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  Mindfulness meditation regulates anterior insula activity during empathy for social pain

Laneri, D., Krach, S., Paulus, F. M., Kanske, P., Schuster, V., Sommer, J., et al. (2017). Mindfulness meditation regulates anterior insula activity during empathy for social pain. Human Brain Mapping, 38(8), 4034-4046. doi:10.1002/hbm.23646.

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Item Permalink: http://hdl.handle.net/11858/00-001M-0000-002D-2AA9-E Version Permalink: http://hdl.handle.net/21.11116/0000-0003-C566-C
Genre: Journal Article

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 Creators:
Laneri, Davide1, Author
Krach, Sören2, Author
Paulus, Frieder M.2, Author
Kanske, Philipp3, Author              
Schuster, Verena1, Author
Sommer, Jens1, Author
Müller-Pinzler, Laura2, Author
Affiliations:
1Department of Psychiatry and Psychotherapy, Philipps University Marburg, Germany, ou_persistent22              
2Department of Psychiatry and Psychotherapy, University of Lübeck, Germany, ou_persistent22              
3Department Social Neuroscience, MPI for Human Cognitive and Brain Sciences, Max Planck Society, Leipzig, DE, ou_634552              

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Free keywords: Mindfulness meditation; Social pain; Vicarious embarrassment; Empathy; Anterior insula
 Abstract: Mindfulness has been shown to reduce stress, promote health, and well-being, as well as to increase compassionate behavior toward others. It reduces distress to one's own painful experiences, going along with altered neural responses, by enhancing self-regulatory processes and decreasing emotional reactivity. In order to investigate if mindfulness similarly reduces distress and neural activations associated with empathy for others' socially painful experiences, which might in the following more strongly motivate prosocial behavior, the present study compared trait, and state effects of long-term mindfulness meditation (LTM) practice. To do so we acquired behavioral data and neural activity measures using functional magnetic resonance imaging (fMRI) during an empathy for social pain task while manipulating the meditation state between two groups of LTM practitioners that were matched with a control group. The results show increased activations of the anterior insula (AI) and anterior cingulate cortex (ACC) as well as the medial prefrontal cortex and temporal pole when sharing others' social suffering, both in LTM practitioners and controls. However, in LTM practitioners, who practiced mindfulness meditation just prior to observing others' social pain, left AI activation was lower and the strength of AI activation following the mindfulness meditation was negatively associated with trait compassion in LTM practitioners. The findings suggest that current mindfulness meditation could provide an adaptive mechanism in coping with distress due to the empathic sharing of others' suffering, thereby possibly enabling compassionate behavior.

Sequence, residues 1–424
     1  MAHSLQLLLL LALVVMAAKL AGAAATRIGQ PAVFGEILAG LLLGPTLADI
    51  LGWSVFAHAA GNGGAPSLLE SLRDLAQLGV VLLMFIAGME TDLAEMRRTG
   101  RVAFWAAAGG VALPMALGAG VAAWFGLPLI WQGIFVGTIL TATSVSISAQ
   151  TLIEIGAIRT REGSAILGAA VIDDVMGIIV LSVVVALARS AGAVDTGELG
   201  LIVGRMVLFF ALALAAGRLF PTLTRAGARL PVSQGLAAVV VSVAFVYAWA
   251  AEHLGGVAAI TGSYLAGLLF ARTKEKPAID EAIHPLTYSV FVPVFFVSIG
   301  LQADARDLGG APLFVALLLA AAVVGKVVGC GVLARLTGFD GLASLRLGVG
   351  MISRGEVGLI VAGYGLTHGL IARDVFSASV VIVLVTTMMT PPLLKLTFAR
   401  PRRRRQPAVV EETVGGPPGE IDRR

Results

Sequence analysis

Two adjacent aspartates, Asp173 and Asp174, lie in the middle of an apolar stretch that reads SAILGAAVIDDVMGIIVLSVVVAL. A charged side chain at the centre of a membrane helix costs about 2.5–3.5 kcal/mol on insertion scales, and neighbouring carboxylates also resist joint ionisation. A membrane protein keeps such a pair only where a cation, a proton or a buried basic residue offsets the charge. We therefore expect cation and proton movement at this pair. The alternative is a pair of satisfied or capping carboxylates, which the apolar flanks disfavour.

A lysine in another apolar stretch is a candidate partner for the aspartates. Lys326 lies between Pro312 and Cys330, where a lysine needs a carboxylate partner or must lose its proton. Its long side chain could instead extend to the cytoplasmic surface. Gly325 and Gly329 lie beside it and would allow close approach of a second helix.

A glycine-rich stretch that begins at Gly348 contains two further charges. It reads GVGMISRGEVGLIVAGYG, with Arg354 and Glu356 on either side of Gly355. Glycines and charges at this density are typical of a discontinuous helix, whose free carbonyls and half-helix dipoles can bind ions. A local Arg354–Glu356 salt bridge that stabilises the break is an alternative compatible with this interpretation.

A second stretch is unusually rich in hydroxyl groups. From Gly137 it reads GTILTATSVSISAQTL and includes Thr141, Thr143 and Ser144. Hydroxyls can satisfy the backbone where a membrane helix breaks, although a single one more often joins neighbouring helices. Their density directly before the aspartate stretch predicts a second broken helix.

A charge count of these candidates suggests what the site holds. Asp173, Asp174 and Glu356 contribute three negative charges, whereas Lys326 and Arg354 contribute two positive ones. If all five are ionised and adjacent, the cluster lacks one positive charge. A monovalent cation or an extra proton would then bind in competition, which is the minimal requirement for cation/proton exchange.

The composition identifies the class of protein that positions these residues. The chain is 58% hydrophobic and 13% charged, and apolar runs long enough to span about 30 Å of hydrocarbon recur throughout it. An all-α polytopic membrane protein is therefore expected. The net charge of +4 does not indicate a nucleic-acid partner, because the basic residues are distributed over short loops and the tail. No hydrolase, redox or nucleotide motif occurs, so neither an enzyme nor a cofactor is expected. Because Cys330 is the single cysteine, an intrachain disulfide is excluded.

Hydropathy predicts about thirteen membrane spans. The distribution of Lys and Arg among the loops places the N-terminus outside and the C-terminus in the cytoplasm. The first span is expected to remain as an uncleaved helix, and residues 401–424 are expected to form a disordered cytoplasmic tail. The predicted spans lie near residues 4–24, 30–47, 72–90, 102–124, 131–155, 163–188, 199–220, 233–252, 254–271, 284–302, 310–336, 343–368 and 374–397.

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Language(s): eng - English
 Dates: 2017-04-252016-07-082017-04-282017-05-152017-08
 Publication Status: Published in print
 Pages: -
 Publishing info: -
 Table of Contents: -
 Rev. Method: Peer
 Identifiers: DOI: 10.1002/hbm.23646
PMID: 28504364
Other: Epub 2017
 Degree: -

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Project name : -
Grant ID : KR 3803/7‐1
Funding program : -
Funding organization : German Research Foundation (DFG)
Project name : -
Grant ID : KR 60‐0023
Funding program : -
Funding organization : Von Behring‐Röntgen‐Stiftung

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Title: Human Brain Mapping
Source Genre: Journal
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Publ. Info: New York : Wiley-Liss
Pages: - Volume / Issue: 38 (8) Sequence Number: - Start / End Page: 4034 - 4046 Identifier: ISSN: 1065-9471
CoNE: https://pure.mpg.de/cone/journals/resource/954925601686